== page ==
It seemed to Sally that the time had come to correct certain misapprehensions.
“I don’t know where you got your figures,” she said, “but I’m afraid they’re wrong. I’ve just twenty-five thousand dollars.”
The statement had a chilling effect. To these jugglers with half millions the amount mentioned seemed for the moment almost too small to bother about. It was the sort of sum which they had been mentally setting aside for the heiress’s pin-money.
“Well, I’ll tell you exactly what I’m going to do,” said Sally. “I’m going to start with a trip to Europe, France especially—I’ve heard France well spoken of—as soon as I can get my passport, and after I’ve loafed there for a few weeks I’m coming back to look about and find some nice, cosy little business which will let me put money into it and keep me in luxury. Are there any complaints?”
At the far end of the table there was a stir, a cough, and the grating of a chair on the floor; and slowly, with that easy grace which actors of the old school learned in the days when acting was acting, Mr. Maxwell Faucitt, the boarding-house’s oldest inhabitant, rose to his feet.
“Ladies,” said Mr. Faucitt, bowing courteously, “and gentlemen. I feel that I cannot allow this occasion to pass without saying a few words.”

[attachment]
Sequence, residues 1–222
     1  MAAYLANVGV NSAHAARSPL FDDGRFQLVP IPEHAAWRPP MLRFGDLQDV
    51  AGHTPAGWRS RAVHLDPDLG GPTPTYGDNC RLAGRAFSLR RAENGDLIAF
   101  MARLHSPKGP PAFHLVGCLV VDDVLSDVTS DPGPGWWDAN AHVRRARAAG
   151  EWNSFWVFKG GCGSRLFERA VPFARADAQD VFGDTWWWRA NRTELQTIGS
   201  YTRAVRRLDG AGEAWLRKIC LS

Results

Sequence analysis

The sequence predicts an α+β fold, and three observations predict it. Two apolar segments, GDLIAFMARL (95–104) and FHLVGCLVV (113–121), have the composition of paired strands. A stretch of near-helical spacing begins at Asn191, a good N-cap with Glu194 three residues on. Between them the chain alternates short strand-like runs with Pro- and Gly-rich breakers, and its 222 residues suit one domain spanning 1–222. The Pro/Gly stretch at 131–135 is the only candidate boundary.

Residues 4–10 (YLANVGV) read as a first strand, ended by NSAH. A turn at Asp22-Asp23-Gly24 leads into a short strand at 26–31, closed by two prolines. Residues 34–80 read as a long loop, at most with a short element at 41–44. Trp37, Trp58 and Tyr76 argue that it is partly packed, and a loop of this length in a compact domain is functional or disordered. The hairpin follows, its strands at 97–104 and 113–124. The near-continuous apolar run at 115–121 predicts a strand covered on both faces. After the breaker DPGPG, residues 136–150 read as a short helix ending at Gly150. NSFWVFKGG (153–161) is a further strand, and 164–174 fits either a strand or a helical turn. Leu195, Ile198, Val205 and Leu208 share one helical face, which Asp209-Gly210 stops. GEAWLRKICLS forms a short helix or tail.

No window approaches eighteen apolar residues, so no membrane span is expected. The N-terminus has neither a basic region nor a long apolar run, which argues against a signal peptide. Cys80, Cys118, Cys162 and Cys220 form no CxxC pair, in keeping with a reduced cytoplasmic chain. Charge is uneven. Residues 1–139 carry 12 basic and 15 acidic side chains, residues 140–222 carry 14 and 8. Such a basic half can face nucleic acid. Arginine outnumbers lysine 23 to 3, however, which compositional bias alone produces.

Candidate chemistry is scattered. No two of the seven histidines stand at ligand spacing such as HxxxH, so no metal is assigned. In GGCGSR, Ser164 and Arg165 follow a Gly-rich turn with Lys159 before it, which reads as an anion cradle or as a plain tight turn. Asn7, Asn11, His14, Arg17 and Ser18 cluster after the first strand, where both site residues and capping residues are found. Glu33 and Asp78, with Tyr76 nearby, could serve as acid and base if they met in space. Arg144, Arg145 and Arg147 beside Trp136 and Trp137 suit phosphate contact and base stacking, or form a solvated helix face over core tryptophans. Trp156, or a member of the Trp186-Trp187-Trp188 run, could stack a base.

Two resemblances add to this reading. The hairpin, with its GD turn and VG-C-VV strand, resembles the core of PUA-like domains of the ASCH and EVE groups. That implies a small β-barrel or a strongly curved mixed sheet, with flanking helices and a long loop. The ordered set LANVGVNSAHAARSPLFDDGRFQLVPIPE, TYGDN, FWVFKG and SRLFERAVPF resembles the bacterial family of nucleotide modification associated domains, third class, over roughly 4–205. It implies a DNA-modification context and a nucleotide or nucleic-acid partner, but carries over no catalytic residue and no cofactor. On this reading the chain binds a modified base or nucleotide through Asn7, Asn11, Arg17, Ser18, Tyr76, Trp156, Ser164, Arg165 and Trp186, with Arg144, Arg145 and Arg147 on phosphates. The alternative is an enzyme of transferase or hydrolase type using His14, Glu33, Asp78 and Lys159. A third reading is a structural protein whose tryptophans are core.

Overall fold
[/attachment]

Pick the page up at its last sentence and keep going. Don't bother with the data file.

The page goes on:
His audience did not seem surprised. From the start of the meal they had felt that it would be optimism run mad to expect the old gentleman to abstain from a speech on the night of Sally Nicholas’s farewell dinner-party. A movement on the part of the Marvellous Murphys—new arrivals, who had been playing their equilibristic act at a local music-hall—to form a party on the extreme left, and heckle the speaker, broke down under a cold look from their hostess. Brief though their acquaintance had been, both of these lissom young gentlemen admired Sally intensely.
And it should be set on record that this admiration of theirs was not misplaced. He would have been hard to please who had not been attracted by Sally. She was a small, trim wisp of a girl, with the tiniest of hands and feet, the friendliest of smiles, and a dimple that came and went in the curve of her rounded chin. Her eyes, which disappeared when she laughed, which was often, were a bright hazel; her hair a soft mass of brown. She had, moreover, a manner, an air of distinction lacking in the majority of Mrs. Meecher’s guests. And she carried youth like a banner.